The field of biocatalysis has evolved over the last few decades from studies with a few available enzymes to a mature interdisciplinary field that involves bioinformatics, protein engineering, and molecular biology.
In his Editorial in Angewandte Chemie, Uwe Bornscheuer from the University of Greifswald, Germany, explains how the field has developed. The number of available protein sequences has greatly increased and thus novel enzymes can be easily identified. Bioinformatic tools can be used to analyze protein sequences and design enzymes, and transition-metal or organocatalysts can be combined with biocatalysts for multistep one-pot reactions. Furthermore, several different enzymes can be combined in cascade reactions, and host organisms can be metabolically engineered so that these reactions can take place in living microbial cells.
Recent examples of biocatalysis include making enzymatic reactions useful for organic synthesis, the development of artifical metalloenzymes, and the use of imine reductases for the synthesis of chiral amines. According to Professor Bornscheuer, the field would further benefit from greater collaboration between scientists working in biocatalysis and chemical catalysis.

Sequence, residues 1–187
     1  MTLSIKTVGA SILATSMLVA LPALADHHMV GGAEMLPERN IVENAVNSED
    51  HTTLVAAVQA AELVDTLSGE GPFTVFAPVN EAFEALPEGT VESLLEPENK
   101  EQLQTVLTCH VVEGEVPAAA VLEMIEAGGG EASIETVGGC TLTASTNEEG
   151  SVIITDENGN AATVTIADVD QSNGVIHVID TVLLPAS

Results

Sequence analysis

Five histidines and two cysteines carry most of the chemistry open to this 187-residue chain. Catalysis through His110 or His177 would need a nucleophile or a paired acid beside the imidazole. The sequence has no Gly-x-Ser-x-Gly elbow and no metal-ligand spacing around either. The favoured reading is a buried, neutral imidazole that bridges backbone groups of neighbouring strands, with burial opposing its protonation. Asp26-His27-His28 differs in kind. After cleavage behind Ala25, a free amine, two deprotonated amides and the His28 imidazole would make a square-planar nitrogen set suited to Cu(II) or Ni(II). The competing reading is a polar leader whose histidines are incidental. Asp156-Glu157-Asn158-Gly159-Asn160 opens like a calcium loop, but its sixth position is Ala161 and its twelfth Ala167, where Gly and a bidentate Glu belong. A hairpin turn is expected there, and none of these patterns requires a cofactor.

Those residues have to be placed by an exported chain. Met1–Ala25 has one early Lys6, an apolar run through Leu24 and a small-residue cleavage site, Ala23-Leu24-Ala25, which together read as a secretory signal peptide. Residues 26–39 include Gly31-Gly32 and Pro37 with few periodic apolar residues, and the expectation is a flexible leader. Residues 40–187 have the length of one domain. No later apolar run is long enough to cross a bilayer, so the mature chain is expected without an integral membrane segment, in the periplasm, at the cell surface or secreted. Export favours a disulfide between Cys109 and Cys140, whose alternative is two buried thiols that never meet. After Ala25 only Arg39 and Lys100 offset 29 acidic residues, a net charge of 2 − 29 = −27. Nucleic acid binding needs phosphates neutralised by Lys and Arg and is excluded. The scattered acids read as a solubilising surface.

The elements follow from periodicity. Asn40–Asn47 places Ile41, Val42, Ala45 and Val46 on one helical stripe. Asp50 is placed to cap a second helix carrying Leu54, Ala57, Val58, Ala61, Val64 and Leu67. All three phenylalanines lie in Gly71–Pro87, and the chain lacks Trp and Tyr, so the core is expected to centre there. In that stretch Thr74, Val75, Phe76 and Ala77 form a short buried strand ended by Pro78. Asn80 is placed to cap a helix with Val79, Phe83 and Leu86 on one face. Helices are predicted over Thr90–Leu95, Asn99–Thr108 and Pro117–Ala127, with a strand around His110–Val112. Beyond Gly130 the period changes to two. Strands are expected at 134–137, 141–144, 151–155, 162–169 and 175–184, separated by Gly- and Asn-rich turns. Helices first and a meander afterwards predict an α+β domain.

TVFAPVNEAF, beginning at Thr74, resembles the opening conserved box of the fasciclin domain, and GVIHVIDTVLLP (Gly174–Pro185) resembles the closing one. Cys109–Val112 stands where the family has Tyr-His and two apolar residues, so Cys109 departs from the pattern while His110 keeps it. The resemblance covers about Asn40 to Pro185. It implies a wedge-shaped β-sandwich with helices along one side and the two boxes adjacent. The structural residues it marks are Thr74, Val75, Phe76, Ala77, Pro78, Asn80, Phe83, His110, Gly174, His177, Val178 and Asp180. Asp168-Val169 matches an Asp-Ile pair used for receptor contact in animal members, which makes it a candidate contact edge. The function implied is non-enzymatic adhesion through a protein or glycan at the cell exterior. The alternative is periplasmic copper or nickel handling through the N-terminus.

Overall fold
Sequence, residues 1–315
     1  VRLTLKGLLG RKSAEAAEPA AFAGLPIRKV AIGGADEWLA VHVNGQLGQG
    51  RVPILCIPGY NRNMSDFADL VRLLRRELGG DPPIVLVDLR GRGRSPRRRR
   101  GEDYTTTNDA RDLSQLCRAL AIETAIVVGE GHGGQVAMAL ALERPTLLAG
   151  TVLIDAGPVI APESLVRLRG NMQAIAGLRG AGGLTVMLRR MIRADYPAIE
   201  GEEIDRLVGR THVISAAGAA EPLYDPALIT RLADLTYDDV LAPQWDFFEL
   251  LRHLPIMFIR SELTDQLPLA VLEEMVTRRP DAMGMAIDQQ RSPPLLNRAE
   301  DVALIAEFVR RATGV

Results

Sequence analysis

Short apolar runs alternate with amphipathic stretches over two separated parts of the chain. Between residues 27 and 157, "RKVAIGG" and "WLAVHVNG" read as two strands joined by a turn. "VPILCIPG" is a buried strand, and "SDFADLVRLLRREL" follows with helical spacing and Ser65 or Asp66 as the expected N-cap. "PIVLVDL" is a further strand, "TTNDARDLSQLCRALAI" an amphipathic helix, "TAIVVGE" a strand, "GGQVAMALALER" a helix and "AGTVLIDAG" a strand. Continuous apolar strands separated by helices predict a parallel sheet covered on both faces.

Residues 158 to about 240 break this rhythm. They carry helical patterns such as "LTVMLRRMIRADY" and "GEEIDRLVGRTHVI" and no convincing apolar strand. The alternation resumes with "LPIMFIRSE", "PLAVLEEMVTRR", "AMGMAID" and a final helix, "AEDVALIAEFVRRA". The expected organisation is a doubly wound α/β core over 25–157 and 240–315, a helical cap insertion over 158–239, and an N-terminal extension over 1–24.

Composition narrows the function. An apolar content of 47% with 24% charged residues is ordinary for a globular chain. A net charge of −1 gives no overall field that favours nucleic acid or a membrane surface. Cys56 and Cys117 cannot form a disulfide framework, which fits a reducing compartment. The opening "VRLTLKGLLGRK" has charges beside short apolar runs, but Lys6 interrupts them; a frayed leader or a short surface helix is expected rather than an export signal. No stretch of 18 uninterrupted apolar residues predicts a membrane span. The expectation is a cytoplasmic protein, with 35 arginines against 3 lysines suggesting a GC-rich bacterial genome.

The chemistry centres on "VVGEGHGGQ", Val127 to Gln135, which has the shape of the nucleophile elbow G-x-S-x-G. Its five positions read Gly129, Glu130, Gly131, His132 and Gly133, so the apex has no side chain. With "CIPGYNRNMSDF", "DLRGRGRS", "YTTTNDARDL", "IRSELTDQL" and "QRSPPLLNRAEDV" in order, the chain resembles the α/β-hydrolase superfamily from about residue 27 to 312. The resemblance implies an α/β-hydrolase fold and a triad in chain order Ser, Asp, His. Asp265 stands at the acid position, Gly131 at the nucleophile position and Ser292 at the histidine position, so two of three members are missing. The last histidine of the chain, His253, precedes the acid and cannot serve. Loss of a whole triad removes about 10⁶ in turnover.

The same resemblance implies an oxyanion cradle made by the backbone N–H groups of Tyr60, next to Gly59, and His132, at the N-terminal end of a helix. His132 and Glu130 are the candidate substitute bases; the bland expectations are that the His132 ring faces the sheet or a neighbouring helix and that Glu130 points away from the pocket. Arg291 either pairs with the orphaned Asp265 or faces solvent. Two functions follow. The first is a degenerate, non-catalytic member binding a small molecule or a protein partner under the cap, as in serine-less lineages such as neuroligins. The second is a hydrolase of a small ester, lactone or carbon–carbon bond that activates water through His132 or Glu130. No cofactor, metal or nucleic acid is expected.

- Biocatalysis: Successfully Crossing Boundaries,
Uwe T. Bornscheuer,
Angew. Chem. Int. Ed. 2015.
Also of Interest
- Uwe Bornscheuer on Biocatalysis and Publishing,
ChemViews Mag. 2013.
Professor Uwe Bornscheuer talks about his exciting field of research, biocatalysis and protein engineering, and his broad experience in publishing